India: New Solar-Biomass Cold Storage and Power Generation System
One of the leading solar solution providers in India, Thermax, has just implemented a so-called solar-biomass hybrid demonstration project at the Solar Energy Centre in northern India. The cold storage and power generation system is the first of its kind worldwide. It comprises of a 15 kW (~5 tons of refrigeration) Thermax Vapour Absorption Machine (VAM), coupled with a field of Thermax SolPac D160 solar thermal tracking concentrators, as well as a 50kWel biomass gasifier system. The VAM uses both the heat energy from the solar parabolic concentrators and the waste heat from the biomass gasifier to cool the storage chamber.
The chiller – a newly developed ammonia-based VAM has been developed primarily to cool agricultural produces in rural facilities. It was the first development project to showcase how solar thermal heat can work together with biomass (e.g., wood chips or agro-waste) in an agricultural country such as India. The system provides both the cooling for the storage chamber, as well as electricity through the 50 kWel biomass gasifier system.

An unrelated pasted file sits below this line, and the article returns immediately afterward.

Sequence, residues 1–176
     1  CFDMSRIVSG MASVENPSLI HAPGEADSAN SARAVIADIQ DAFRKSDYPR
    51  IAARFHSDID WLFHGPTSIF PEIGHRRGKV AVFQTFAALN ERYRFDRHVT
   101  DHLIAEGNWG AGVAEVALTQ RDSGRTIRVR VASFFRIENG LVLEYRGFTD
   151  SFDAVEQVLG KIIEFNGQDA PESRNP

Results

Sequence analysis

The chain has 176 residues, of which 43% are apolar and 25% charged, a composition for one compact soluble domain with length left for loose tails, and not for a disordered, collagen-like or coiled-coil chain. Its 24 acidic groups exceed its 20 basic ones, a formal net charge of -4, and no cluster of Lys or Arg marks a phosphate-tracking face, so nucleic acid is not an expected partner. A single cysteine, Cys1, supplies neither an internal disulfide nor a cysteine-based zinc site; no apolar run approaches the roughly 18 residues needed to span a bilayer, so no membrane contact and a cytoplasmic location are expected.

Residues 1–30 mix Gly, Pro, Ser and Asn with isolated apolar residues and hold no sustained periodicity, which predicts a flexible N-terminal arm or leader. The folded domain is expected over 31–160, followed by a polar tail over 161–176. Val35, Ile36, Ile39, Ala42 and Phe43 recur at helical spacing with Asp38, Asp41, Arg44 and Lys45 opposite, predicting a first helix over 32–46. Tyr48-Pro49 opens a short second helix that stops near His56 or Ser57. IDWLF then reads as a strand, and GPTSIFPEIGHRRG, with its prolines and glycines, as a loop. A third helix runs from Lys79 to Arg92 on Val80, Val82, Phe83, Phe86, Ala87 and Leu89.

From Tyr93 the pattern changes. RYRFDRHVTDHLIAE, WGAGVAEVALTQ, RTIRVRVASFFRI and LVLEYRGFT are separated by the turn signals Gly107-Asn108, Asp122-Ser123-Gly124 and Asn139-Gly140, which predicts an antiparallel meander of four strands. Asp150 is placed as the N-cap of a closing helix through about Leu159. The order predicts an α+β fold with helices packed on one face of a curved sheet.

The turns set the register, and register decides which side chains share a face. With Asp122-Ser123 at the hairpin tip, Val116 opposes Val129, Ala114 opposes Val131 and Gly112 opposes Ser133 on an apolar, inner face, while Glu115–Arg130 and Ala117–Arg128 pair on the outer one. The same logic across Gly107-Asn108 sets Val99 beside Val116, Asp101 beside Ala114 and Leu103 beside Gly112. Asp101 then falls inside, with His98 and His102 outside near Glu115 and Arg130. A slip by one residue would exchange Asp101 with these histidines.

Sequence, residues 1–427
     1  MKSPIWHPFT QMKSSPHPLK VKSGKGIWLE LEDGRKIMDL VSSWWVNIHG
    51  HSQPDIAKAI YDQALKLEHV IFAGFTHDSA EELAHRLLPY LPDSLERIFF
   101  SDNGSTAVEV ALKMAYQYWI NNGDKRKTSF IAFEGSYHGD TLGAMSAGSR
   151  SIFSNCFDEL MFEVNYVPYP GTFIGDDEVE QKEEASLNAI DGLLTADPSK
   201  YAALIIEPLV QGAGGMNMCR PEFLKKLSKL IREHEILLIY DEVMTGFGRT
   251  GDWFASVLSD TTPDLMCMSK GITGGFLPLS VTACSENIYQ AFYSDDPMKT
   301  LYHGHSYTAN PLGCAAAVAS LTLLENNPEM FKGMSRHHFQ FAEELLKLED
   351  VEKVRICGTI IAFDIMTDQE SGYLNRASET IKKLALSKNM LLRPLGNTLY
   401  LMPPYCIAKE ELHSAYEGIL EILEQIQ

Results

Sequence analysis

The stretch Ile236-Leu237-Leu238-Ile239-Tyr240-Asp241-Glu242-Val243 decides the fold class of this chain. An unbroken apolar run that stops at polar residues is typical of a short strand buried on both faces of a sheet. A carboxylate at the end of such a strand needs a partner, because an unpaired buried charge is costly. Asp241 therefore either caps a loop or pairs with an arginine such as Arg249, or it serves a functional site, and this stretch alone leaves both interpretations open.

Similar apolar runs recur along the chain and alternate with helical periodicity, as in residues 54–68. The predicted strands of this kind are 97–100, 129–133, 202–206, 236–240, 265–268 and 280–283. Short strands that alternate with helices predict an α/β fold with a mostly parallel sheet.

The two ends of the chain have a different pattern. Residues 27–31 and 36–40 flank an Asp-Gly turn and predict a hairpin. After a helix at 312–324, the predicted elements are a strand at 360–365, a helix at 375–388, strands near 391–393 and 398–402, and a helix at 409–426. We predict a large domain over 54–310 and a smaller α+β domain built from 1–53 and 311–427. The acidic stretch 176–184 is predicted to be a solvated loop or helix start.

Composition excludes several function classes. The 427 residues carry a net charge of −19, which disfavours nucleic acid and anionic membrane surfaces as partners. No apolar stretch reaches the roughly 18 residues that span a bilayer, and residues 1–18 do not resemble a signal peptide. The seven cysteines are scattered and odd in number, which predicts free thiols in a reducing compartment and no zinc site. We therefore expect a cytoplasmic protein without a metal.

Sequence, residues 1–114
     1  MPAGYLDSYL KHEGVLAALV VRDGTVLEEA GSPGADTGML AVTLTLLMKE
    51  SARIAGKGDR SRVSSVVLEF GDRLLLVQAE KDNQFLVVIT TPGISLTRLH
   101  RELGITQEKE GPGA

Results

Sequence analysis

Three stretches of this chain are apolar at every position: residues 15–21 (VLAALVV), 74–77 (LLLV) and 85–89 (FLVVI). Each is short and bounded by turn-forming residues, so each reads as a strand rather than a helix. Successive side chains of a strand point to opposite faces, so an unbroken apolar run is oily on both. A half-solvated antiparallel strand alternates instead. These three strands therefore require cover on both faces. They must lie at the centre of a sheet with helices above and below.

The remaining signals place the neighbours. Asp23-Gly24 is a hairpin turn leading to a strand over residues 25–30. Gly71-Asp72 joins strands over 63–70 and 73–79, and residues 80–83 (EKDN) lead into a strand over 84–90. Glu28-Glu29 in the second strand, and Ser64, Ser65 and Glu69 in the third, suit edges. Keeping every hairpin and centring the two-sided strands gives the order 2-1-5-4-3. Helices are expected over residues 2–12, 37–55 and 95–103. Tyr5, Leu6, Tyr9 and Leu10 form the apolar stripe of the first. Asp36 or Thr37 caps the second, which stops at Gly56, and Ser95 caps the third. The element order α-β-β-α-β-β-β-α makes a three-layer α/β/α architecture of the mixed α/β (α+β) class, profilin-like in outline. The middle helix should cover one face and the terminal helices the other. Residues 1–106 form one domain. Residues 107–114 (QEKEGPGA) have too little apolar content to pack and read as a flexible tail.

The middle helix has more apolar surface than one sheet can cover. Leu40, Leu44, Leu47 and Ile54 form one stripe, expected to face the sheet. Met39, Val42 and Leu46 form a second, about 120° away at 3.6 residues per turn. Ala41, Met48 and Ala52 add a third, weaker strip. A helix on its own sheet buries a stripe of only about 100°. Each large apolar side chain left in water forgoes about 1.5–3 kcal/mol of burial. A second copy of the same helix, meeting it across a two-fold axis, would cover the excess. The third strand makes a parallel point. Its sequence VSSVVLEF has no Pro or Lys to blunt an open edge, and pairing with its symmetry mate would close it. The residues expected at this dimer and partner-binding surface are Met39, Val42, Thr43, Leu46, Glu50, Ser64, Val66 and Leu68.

The VAM is powered by either hot water from the solar field or the engine’s exhaust. A gas-fired back-up heater is also part of the system, in case there is not enough heat to run the VAM. The chamber is able to store 20 MT of cold storage produces.The TRNSYS software was used to dynamically simulate the cooling of different fruits, vegetables and other produces.
Support for the project came from the Asia-Pacific Partnership on Clean Development and Climate (APP), the Indian Ministry of New and Renewable Energy (MNRE), The Energy and Resources Institute (TERI) of India and the Commonwealth Scientific and Industrial Research Organisation (CSIRO) of Australia.
Because the demonstration system’s storage chamber can be cooled down to temperatures below 0°C, its application is open to a wide variety of fruits, vegetables and other plant products. If the implementation proves successful, the system has the potential to close a gap in India’s agricultural sector.
Existing cold storage facilities can accommodateup to 21.7 million tons of agricultural products, whereas the volume needed amounts to more than 31 million tons – a shortfall of about 10 million tons. In addition, today’s cold storage facilities are mostly designed to accumulate only one single commodity, such as potatoes, oranges, apples, grapes, pomegranates and flowers, etc., poorly utilising available capacities. Without a strong and reliable cold chain, a vital sector which is based mostly on perishable products – such as the food industry – cannot survive, let alone grow.